Eight Common Tree-Planting Mistakes To Avoid

Posted on: 10 May 2016

There are few better ways to improve a landscape than by installing new trees. Trees help to reduce energy costs, slow the rate of erosion and provide food for wildlife. However, improper planting procedures can doom your trees at the outset. Eventually, such trees will die and require removal so that you can begin the process anew.

You can sidestep most of these problems and enjoy thriving, beautiful trees by avoiding these common mistakes.

Selecting the Wrong Species for the Site

Each tree species in the world has evolved to live in a specific habitat, so you must select species that are capable of thriving in your geographic area. Additionally, you must select a species that will thrive in your preferred location on your property.

Planting at the Wrong Time of Year

In order to survive the transplantation process, young trees must be able to produce an adequate root system before temperatures become very high or very low. Accordingly, early spring or early fall are the best time to plant trees; those planted in the summer or winter are unlikely to survive the process.

Not Providing Sufficient Water

While mature trees often have root systems that penetrate deep enough into the soil to give them access to deep water reserves, newly transplanted trees have modest, shallow root systems. This means that newly planted trees need extra water for the first few months following planting.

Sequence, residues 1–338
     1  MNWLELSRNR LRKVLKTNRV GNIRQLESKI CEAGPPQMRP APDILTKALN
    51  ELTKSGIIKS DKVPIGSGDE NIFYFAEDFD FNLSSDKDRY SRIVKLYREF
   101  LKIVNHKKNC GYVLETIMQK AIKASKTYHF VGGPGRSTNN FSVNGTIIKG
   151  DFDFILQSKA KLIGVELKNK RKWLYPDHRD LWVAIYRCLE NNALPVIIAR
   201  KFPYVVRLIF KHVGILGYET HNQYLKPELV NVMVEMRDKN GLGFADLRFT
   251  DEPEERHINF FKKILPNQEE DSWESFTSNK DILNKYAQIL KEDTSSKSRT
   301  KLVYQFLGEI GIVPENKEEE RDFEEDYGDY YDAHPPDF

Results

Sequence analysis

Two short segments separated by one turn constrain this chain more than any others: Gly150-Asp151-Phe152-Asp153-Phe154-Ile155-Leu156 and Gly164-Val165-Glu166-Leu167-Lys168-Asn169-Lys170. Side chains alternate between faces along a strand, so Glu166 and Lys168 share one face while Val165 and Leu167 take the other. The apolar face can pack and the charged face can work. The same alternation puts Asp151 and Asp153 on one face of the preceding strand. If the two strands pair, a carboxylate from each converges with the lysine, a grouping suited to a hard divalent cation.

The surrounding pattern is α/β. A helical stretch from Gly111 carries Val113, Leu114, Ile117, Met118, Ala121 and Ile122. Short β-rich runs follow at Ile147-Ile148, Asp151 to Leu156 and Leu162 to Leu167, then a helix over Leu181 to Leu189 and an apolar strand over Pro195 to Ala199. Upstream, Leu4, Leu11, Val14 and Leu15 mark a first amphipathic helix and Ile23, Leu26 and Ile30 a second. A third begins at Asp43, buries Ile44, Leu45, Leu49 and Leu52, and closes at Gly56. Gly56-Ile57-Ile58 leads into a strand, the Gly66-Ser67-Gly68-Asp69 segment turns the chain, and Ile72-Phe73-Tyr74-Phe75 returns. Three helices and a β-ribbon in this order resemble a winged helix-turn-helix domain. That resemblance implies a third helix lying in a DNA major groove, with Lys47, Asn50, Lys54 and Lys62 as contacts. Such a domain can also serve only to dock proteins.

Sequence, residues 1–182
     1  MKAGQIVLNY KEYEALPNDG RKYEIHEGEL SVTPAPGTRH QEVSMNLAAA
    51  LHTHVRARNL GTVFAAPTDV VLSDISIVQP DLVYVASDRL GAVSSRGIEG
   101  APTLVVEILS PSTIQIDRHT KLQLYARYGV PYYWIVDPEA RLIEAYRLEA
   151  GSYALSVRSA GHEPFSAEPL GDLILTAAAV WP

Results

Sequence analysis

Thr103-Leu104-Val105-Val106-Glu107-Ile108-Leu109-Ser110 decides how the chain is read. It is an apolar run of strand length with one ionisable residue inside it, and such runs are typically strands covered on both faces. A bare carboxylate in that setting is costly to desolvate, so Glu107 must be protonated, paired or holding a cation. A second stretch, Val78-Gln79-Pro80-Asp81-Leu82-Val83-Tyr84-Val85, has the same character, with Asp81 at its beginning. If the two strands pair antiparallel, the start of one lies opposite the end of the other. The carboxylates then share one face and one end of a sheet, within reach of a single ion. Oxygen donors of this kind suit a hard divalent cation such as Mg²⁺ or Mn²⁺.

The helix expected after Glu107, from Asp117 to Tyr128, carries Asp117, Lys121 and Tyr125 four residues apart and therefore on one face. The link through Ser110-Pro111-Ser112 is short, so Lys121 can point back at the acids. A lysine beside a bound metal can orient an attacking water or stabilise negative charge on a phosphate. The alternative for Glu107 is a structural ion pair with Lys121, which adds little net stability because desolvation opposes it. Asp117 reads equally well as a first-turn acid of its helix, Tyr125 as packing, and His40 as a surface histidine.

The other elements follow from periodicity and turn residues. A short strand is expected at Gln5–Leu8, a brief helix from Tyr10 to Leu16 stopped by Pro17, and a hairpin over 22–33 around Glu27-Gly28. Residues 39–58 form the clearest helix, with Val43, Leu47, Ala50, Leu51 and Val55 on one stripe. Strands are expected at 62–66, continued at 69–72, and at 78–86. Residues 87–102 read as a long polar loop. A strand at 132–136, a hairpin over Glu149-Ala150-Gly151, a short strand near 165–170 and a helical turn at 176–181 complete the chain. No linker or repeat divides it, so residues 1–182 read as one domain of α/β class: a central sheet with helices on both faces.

Planting Too Deeply

Trees that are planted too deeply are at increased risk of developing trunk rot, which can cause them to break near ground level in high winds. To avoid this problem, be sure that the tree's root flare – the expanded portion of the trunk located near the roots – is completely above ground after the tree has been planted.

Adding Gravel to Improve Drainage

Many people add gravel to the bottom of a planting hole, thinking that this will improve the drainage characteristics of the soil. However, this actually slows the rate of water drainage and often leads to the demise of the tree. If the site has poor drainage, you must select a species that can tolerate damp soil.

Aggressively Pruning Prior to Planting

While it is sometimes necessary to prune damaged branches at planting time, you should leave as many branches and leaves on the new tree as possible when planting it. If further pruning is needed for structural or aesthetic reasons, do so at least one year after planting the tree.